Techy and detailed cocktails, laboriously designed, artfully presented with the right dose of outlandish. Zappia’s spirit-blending removes brand names from the menu in favor of more complex flavors at better prices. The Egg may have been the most buzzed-about cocktail of the year, but it was far from Martina’s best (which is saying a great deal).
Our Favorite New Local Spirits of 2018
Brother Justus Single Malt Silver Whiskey
Finally, a white whiskey worth drinking. Built on pale malt, this unaged spirit has a grain-forward and viscous body featuring complex notes of cocoa nib, coffee, and citrus rind. It may not be aged, but thanks to rigorous research and development this moonshine has certainly matured.
Heirloom Pineapple Amaro
Can amaro be described as “quenching”? Heirloom’s begins with a juicy wallop of pure pineapple, followed up with a balancing backend of spice. Twin Citians are warming to the amaro category, and this version will help that introduction. It’s a shot of the tropics and a triumph in sheer drinkability.
J. Carver Straight Wheat Whiskey
The Waconia distillery is building up an impressive library of whiskey and their Straight Wheat is a powerful bookend. At 100 proof, it’s robust with an endearing roundness to the finish. We found a dram from the single barrel selected for Marvel Bar, and it made us marvel at how far Minnesota’s aged spirits have come.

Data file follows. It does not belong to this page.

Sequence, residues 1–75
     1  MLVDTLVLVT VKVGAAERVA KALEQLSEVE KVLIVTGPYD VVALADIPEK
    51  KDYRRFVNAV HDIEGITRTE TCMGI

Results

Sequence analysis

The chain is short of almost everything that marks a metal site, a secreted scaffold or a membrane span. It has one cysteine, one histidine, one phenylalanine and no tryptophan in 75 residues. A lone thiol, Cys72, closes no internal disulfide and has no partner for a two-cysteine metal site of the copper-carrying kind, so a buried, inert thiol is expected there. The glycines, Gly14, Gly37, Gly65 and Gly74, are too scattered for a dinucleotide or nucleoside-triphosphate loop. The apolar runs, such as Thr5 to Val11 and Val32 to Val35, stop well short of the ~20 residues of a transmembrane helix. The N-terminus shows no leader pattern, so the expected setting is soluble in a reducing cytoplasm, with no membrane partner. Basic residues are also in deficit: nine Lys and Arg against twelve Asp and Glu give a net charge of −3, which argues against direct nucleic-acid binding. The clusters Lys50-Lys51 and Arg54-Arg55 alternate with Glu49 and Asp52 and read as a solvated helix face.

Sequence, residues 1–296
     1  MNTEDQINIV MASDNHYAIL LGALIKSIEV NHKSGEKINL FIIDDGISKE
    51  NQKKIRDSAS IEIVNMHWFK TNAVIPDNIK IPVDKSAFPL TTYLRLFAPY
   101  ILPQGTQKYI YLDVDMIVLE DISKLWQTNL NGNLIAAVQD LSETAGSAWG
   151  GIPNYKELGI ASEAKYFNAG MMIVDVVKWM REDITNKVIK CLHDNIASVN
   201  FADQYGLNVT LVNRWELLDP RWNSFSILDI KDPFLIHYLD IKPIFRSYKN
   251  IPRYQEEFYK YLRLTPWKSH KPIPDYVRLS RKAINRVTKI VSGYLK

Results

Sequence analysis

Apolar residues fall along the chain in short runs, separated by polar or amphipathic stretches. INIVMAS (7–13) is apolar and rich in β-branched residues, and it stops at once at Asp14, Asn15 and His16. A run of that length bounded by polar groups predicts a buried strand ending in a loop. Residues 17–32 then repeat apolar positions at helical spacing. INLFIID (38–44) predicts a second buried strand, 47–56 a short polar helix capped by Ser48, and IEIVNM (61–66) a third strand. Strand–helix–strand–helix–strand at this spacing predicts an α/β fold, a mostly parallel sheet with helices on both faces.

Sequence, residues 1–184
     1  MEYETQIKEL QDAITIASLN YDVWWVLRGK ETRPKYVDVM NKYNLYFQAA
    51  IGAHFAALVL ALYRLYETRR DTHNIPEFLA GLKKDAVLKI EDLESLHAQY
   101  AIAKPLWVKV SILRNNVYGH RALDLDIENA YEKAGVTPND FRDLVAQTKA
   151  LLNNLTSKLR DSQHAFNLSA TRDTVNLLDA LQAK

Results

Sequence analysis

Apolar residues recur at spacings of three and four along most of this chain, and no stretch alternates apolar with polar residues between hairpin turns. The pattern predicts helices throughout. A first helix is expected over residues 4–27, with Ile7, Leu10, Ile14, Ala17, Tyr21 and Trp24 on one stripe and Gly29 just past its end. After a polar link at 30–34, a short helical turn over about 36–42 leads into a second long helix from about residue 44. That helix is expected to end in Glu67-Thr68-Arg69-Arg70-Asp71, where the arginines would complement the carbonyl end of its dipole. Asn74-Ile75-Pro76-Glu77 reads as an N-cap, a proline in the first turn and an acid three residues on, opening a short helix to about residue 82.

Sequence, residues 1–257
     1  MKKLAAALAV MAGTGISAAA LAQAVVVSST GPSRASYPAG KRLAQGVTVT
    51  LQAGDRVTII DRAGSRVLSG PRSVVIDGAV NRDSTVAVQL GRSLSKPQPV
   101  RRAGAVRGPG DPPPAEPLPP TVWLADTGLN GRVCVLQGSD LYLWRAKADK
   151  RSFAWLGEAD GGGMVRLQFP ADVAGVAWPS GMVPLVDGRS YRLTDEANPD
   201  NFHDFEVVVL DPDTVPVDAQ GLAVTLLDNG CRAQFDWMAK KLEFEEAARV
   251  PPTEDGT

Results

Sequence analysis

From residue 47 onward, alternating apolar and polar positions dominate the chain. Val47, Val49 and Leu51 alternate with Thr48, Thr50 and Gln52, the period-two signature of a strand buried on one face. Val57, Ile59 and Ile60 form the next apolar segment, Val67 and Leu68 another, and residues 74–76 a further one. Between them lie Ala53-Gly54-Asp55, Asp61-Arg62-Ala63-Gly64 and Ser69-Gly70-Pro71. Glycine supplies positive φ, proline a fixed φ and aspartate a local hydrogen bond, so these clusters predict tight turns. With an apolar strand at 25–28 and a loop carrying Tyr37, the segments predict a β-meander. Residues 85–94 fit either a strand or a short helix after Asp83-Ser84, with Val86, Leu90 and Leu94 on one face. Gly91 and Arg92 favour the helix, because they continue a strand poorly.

Vikre Distilling Bent Paddle Black Whiskey
There have been a smattering of brewery-distillery collaboration whiskies in the last few years, but this one really caught our attention. The Black Ale’s dark and roasty malt profile comes through in the spirit, and a smooth finish keeps us coming back.
Dampfwerk Pear Brandy
You can smell and taste the entire fruit in this remarkable clear brandy. Dampfwerk ferments whole Bartlett pears to capture their full spectrum of flavors, from aromatic blossoms to tannic skin and juicy flesh. A beautiful expression of the source material and an encouraging example for Midwest fruit brandies as a whole.
Studio Distilling Rye Malt Whiskey
Purists might bristle at the idea of malted rye whiskey—the malting process tends to neutralize the lively pumpernickel flavor that rye is known for. But the trade-off is a noticeable softness on the palate. This first release from St. Paul’s Studio Distilling brings malted and unmalted rye together in a harmonious,
complex young whiskey.
The Year in Minnesota Wine
At the International Cold Climate Wine Competition in August, Carlos Creek Winery of Alexandria won Winery of the Year, with four wines scoring gold or double gold medals. Best Minnesota Wine was awarded, for the second year in a row, to Northern Hollow Winery of Foley for their La Crescent.
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In April, a U.S. District Court judge dismissed a suit filed by Alexis Bailly Vineyards of Hastings and Next Chapter Winery of New Prague that argued the requirement for Farm Winery License holders to use at least 51 percent Minnesota-grown grapes is unconstitutional. The ruling argued that the wineries can obtain different manufacturing licenses that don’t include the requirement. The wineries have filed an appeal to the Eighth Circuit Court.